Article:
It will be the eighth World Meeting of Families since the event was started by the late Pope John Paul in 1994 to promote traditional family values. It is held every three years in a different city.
Organizers said they expect up to two million people to attend the final event, a Mass by the pope on Benjamin Franklin Parkway, a boulevard that runs through they city.
While Nienstedt authorized the investigation in the hope of clearing his name, the results threatened to ruin it. Several of his top advisers gathered privately in April 2014, and read sworn statements gathered by the lawyers that accused Nienstedt of inappropriate behavior, including sexual advances toward priests. Each adviser agreed he should resign.
A few days later, Auxiliary Bishops Lee Piche and Andrew Cozzens traveled to Washington to tell the papal ambassador; MPR was unable to learn what transpired there. But soon after the bishops returned home, the investigation as originally conceived ended, with Piche limiting the probe to allegations of crimes and grave sins. A new law firm eventually took over.
The Vatican announced Nienstedt’s and Piche’s resignationsMonday. They stepped down amid an intensifying scandal over how the archdiocese handled cases of clerical sexual misconduct. The archdiocese sought bankruptcy protection in January as abuse claims rose, and prosecutors filed criminal child-endangerment charges against the archdiocese earlier this month for allegedly turning a blind eye to Curtis Wehmeyer, a now-imprisoned former priest convicted of molesting two boys.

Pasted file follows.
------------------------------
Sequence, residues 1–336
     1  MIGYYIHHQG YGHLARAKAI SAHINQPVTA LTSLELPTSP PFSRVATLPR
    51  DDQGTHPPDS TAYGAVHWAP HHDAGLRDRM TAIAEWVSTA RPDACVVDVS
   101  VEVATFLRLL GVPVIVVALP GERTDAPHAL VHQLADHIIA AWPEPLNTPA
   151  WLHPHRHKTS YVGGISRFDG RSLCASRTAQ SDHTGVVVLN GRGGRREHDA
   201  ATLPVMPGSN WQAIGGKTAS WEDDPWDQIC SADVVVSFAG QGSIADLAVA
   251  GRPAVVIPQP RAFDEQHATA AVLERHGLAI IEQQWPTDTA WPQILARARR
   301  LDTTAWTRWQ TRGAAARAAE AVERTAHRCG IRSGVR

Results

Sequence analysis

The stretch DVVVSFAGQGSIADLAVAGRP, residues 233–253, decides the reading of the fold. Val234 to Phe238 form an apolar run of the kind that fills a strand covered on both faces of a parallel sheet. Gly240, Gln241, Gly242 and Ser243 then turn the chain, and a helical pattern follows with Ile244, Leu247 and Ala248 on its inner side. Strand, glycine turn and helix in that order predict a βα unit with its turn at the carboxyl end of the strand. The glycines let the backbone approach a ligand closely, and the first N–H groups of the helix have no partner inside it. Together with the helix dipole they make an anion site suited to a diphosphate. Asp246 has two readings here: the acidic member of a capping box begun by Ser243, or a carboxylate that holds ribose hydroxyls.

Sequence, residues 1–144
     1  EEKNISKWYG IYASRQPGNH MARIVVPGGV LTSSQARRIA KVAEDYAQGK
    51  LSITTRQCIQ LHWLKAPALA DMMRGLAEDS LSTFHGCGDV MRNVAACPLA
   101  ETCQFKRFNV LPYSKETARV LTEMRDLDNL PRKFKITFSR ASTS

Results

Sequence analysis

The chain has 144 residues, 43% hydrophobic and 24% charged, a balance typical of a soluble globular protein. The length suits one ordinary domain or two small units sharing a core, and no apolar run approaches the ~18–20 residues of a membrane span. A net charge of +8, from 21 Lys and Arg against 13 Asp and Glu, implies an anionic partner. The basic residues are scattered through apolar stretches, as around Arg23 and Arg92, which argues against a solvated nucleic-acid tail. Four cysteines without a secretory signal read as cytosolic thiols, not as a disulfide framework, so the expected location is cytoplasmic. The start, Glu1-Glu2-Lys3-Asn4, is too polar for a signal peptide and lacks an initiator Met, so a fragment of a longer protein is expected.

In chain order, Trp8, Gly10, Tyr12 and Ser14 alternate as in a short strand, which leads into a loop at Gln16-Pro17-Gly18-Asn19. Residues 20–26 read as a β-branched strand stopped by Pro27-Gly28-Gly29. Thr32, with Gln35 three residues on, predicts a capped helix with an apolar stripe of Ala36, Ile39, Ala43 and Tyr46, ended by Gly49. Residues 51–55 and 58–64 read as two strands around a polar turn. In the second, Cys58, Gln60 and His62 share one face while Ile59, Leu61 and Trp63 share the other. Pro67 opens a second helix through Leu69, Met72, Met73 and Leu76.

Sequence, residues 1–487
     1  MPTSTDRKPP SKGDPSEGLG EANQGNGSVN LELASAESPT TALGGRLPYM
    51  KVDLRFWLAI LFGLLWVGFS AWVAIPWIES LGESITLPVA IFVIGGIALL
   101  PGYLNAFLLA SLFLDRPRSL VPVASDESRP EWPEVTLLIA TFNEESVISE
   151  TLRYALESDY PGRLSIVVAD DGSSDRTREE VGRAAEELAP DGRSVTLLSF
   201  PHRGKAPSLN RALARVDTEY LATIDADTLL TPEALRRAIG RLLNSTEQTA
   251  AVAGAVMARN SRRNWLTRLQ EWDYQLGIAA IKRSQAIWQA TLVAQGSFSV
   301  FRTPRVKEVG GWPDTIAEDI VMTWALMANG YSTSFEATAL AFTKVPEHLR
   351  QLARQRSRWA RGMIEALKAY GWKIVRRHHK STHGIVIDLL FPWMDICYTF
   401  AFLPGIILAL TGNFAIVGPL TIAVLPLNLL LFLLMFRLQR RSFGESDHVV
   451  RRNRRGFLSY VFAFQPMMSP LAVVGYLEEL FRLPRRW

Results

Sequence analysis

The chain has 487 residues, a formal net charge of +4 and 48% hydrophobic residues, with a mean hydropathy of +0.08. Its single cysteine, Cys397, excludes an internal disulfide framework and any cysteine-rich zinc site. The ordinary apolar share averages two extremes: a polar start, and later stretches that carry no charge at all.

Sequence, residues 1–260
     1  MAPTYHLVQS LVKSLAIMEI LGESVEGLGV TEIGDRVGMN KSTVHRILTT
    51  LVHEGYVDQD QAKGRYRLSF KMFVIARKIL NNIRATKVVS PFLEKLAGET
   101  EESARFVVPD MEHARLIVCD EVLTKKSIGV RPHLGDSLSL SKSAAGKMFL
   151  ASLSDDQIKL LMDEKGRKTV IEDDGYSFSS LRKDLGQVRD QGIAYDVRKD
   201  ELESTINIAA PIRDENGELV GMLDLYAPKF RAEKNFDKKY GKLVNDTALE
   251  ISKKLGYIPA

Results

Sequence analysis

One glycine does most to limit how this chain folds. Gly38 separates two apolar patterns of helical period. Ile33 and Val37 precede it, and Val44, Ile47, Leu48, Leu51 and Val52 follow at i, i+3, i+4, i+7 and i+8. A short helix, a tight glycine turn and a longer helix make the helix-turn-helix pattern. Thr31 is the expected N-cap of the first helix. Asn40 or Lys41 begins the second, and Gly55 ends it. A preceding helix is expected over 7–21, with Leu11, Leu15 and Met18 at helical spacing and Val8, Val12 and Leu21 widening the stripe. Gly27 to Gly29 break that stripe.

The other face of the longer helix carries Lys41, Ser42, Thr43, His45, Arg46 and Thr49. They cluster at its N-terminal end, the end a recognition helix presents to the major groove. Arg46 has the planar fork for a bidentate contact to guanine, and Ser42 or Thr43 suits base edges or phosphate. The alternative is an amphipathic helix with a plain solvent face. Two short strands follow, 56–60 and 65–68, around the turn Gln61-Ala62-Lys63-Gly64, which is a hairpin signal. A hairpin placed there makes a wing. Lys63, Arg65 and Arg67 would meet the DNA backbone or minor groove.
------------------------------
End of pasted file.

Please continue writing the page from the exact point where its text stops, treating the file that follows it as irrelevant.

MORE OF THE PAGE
MPR said its details of how Nienstedt tried to limit the investigation came from interviews with more than a dozen people with direct knowledge of the inquiry, including four people who provided affidavits to investigators, current and former archdiocese officials, and others who spoke with the investigators.
MPR could not reach Nienstedt for comment on the new allegations. In a 2014 interview, Nienstedt said, “I’ve done nothing criminally wrong ever, and nothing immoral” and that he hadn’t interfered with the investigation.
But attorneys at the Greene Espel law firm — the initial firm on the Nienstedt investigation — disputed the archbishop’s claim of noninterference as well as a recent similar statement from Piche.
“We strongly disagree with those statements. Greene Espel’s investigation and work will not be mischaracterized without a response by us,” attorneys Matt Forsgren and David Wallace-Jackson told MPR.
The attorneys had wanted to know whether Nienstedt had a personal relationship with Wehmeyer, and whether that influenced his decision to keep Wehmeyer in ministry despite knowing about his past misconduct. Nienstedt told MPR in 2014 he did not have a sexually inappropriate relationship with Wehmeyer.
Ex-seminarian James Heathcott, who lives in Oregon, told MPR he enrolled at a Detroit seminary in 1987 when he was 18. Nienstedt became rector a year later, and the seminary’s tone immediately changed, he said.